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Publication numberUS6653542 B2
Publication typeGrant
Application numberUS 10/136,369
Publication dateNov 25, 2003
Filing dateMay 2, 2002
Priority dateJun 26, 2001
Fee statusPaid
Also published asDE10220880A1, DE10220880B4, US20020194982
Publication number10136369, 136369, US 6653542 B2, US 6653542B2, US-B2-6653542, US6653542 B2, US6653542B2
InventorsAkihiro Suzuki, Yoshiaki Shimoda
Original AssigneeKabushiki Kaisha Kawai Gakki Seisakusho
Export CitationBiBTeX, EndNote, RefMan
External Links: USPTO, USPTO Assignment, Espacenet
Keyboard device for electronic keyboard musical instrument
US 6653542 B2
Abstract
A keyboard device for an electronic keyboard musical instrument is provided for reducing the manufacturing cost by reducing the number of parts and the number of assembling steps associated with the attachment of a substrate, and securely attaching the substrate to a chassis through a spacer. The keyboard device comprises a plurality of keys; a chassis for supporting a plurality of keys; a substrate attached to the chassis for detecting information on depression on the keys; and a spacer interposed between the substrate and chassis. The spacer has tabs for preventing rotation, while the substrate is formed with engaging holes. The spacer is attached to the substrate with the tabs in engagement with the engaging holes. The substrate is attached to the chassis with a first screw driven into the spacer through the chassis.
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Claims(3)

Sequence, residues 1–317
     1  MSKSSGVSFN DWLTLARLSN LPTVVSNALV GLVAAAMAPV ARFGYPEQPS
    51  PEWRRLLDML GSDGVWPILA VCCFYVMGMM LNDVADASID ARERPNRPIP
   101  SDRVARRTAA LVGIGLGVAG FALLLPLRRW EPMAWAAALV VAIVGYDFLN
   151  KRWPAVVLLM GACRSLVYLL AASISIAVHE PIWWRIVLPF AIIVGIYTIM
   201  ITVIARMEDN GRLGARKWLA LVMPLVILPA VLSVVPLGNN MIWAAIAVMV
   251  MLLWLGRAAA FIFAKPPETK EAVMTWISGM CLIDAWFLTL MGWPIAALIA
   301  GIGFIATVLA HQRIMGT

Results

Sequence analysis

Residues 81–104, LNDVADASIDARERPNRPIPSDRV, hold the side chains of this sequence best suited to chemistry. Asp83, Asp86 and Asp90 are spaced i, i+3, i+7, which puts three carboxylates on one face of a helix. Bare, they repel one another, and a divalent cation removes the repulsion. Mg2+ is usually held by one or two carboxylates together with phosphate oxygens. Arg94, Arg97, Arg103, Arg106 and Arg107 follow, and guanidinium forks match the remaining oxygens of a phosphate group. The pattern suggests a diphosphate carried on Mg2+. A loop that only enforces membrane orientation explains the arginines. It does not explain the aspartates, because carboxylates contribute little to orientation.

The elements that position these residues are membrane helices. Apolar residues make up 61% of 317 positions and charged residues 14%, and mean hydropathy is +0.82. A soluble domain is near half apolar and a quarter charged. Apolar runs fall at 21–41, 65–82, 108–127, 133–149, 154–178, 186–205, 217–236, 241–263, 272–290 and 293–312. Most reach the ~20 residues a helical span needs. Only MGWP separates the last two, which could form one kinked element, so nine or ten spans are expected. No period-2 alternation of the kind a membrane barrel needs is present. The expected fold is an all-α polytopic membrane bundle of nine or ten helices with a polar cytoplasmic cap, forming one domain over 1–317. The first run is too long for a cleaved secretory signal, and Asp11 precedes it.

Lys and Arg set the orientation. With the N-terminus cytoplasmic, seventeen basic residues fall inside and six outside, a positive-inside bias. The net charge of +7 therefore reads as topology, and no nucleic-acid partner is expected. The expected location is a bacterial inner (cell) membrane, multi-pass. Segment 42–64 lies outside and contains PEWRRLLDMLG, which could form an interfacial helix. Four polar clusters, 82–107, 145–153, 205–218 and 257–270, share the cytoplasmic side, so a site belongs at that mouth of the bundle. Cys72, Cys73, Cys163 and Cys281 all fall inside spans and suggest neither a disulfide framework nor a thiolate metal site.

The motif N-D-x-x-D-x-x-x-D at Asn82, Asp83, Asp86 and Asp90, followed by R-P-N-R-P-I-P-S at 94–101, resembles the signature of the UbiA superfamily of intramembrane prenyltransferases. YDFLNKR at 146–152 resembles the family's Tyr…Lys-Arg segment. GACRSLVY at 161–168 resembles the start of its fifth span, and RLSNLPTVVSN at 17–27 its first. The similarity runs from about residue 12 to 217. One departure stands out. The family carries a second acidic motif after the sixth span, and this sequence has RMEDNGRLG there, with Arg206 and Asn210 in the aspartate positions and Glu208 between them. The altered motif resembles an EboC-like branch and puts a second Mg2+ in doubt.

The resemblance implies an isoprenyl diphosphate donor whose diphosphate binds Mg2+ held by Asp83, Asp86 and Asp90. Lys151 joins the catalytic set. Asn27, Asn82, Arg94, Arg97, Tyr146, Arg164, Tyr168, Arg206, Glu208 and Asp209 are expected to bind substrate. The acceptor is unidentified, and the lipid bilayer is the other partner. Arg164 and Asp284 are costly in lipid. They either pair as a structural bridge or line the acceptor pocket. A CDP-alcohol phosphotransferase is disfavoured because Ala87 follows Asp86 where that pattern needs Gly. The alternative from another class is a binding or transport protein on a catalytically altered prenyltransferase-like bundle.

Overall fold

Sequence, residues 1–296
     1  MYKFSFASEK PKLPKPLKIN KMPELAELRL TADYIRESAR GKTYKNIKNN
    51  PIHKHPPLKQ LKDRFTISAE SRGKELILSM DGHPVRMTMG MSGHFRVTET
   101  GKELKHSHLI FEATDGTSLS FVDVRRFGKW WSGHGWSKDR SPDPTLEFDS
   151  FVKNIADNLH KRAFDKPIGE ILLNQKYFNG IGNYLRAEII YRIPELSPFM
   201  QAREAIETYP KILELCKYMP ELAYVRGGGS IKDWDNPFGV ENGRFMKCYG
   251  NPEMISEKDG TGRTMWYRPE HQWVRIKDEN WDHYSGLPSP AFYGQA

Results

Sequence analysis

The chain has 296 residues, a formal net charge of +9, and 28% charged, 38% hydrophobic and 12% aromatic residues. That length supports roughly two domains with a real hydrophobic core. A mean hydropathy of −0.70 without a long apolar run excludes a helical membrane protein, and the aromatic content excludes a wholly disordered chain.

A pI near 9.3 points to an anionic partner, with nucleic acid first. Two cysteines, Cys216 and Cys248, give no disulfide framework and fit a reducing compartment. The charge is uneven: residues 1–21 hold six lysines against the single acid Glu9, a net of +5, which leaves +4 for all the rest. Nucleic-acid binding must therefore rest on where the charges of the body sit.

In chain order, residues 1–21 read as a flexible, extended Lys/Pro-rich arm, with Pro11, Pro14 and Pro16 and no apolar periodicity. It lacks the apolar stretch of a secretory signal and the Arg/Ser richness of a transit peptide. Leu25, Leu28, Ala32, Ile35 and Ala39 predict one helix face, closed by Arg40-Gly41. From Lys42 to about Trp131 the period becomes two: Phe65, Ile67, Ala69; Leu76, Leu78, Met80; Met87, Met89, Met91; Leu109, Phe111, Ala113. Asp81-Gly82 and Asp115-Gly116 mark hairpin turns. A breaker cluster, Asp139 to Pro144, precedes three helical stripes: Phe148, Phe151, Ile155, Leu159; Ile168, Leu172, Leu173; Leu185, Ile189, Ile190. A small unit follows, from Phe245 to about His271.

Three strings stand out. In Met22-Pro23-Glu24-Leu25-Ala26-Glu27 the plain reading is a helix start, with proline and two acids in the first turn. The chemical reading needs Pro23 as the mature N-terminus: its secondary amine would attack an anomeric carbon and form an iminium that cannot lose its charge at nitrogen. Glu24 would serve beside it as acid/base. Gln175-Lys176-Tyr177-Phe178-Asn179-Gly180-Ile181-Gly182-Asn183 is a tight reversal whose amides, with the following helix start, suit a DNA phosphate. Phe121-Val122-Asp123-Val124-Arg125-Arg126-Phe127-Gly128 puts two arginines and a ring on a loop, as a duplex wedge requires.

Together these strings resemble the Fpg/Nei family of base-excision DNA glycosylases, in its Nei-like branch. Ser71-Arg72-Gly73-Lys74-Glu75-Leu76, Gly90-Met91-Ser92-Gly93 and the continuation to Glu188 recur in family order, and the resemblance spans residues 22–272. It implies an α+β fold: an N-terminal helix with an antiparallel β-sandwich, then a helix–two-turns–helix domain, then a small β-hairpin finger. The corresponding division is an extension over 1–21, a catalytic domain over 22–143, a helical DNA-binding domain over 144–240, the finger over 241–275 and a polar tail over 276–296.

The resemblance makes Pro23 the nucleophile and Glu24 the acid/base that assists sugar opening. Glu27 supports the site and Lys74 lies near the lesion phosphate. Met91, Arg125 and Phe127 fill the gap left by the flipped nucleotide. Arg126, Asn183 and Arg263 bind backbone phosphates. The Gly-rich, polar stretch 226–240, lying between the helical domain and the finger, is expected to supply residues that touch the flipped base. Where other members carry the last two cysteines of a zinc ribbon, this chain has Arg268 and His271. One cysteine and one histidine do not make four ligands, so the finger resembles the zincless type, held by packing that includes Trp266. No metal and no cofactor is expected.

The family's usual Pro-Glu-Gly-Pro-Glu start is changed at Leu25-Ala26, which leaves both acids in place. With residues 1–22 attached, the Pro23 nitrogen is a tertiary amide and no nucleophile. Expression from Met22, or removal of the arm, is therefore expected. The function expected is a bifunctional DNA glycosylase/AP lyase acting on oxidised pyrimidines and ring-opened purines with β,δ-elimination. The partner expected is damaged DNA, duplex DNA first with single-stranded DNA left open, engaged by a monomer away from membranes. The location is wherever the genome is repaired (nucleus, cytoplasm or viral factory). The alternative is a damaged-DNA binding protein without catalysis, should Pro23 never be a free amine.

What is claimed is:
1. A keyboard device for an electronic musical instrument, comprising:
a plurality of keys;
a chassis for supporting said plurality of keys;
a substrate attached to said chassis for detecting information on depression on said plurality of keys, said substrate having an engaging hole;
a spacer interposed between said substrate and said chassis, said spacer having a tab for preventing rotation, such that said spacer is attached to said substrate with said tab in engagement with said engaging hole; and
a first screw driven into said spacer through said chassis for attaching said substrate to said chassis.
2. A keyboard device for an electronic keyboard musical instrument according to claim 1, wherein said tab is elastic, and snap fitted into said engaging hole of said substrate.
3. A keyboard device for an electronic keyboard musical instrument according to claim 2, wherein said spacer is fixed to said substrate with a second screw driven into said spacer through said substrate.
Description
BACKGROUND OF THE INVENTION

1. Field of the Invention

The present invention relates to a keyboard device for an electronic keyboard musical instrument such as an electronic piano, which has a substrate attached through a spacer for detecting information on a key depressed on a keyboard.